Now that you must await promises in your load functions, this means that waterfalls can begin to occur when you make the changes mentioned above for instances where there are multiple promises.

In order to prevent the waterfall that would occur with this behavior, you can make use of Promise.all() if you need to await many fetches.

For example, if you were to await a series of promises like this:

export async function load({ fetch }) {
	const responseA = await fetch(endpointA).then((r) => r.json());
	const responseB = await fetch(endpointB).then((r) => r.json());
	const responseC = await fetch(endpointC).then((r) => r.json());
	return { responseA, responseB, responseC };

You’re going to be waiting a long time, as endpointB only begins fetching once the response of endpointA is returned, and the same goes for responseC.


But if you utilize a Promise.all() like this:

export async function load({ fetch }) {
	const [responseA, responseB, responseC] = await Promise.all([
		fetch(endpointA).then((r) => r.json()),
		fetch(endpointB).then((r) => r.json()),
		fetch(endpointC).then((r) => r.json())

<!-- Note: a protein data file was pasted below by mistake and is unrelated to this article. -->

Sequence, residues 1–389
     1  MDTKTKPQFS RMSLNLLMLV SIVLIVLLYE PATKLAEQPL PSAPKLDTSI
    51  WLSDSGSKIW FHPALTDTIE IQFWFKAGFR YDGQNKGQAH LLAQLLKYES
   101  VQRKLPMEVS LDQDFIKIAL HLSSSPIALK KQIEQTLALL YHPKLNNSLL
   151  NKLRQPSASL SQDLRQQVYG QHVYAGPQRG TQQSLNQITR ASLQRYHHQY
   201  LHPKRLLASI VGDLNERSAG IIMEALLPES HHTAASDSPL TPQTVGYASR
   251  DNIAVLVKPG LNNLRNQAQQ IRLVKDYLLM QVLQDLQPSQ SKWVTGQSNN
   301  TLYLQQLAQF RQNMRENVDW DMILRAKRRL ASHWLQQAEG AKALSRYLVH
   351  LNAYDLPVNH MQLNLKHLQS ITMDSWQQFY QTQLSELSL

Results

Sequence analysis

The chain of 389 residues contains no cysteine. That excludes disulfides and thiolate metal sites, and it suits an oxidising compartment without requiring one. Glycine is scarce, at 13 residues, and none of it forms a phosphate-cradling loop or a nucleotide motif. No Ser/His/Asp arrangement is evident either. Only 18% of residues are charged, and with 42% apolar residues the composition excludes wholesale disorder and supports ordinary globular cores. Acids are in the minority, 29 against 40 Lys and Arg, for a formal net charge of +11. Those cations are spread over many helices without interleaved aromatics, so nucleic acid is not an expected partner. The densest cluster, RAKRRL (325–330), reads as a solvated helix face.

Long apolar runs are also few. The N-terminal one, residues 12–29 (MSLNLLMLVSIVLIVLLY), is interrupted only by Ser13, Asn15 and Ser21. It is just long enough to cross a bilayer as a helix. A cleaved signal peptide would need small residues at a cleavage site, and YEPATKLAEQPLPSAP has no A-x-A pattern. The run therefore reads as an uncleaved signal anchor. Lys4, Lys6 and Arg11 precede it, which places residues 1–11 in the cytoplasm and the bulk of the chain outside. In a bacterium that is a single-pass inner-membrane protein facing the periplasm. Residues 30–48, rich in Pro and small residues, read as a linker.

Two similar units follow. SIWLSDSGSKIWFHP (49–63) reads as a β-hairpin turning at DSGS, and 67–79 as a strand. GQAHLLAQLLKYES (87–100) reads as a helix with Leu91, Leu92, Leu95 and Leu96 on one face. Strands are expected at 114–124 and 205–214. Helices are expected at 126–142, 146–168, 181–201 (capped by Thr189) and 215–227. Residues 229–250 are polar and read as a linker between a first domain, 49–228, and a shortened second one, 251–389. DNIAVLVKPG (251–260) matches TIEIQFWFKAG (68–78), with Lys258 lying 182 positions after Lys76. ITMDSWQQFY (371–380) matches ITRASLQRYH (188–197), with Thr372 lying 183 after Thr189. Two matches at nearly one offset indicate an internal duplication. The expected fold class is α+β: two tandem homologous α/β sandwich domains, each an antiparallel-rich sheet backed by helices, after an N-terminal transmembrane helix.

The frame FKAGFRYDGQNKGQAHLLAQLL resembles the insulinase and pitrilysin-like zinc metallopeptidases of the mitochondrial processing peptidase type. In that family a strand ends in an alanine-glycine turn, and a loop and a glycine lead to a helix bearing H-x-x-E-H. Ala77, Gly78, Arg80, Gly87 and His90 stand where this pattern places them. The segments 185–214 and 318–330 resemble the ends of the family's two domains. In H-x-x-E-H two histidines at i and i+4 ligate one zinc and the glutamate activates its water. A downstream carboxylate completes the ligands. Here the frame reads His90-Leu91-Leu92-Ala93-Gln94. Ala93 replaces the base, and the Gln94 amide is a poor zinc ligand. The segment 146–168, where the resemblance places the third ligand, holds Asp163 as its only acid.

return { responseA, reponseB, responseC };

You won’t have a waterfall between the fetch calls, and your wait time will only be as long as the longest fetch call.

4. Change goto(externalUrl) to window.location

The goto() helper is a way to programmatically navigate to pages inside your app.


In SvelteKit v1 you could use it to navigate away from your app, however with the introduction of Shallow Routing in v2, the interface has changed.

So, use the search feature in your IDE to find all instances of goto, and make sure each of their parameters is to a URL inside your app.

If it is to a URL outside of your app, change it from this:

await goto(externalUrl);

to this:

await window.location = externalUrl

5. Make sure paths are either always relative, or always absolute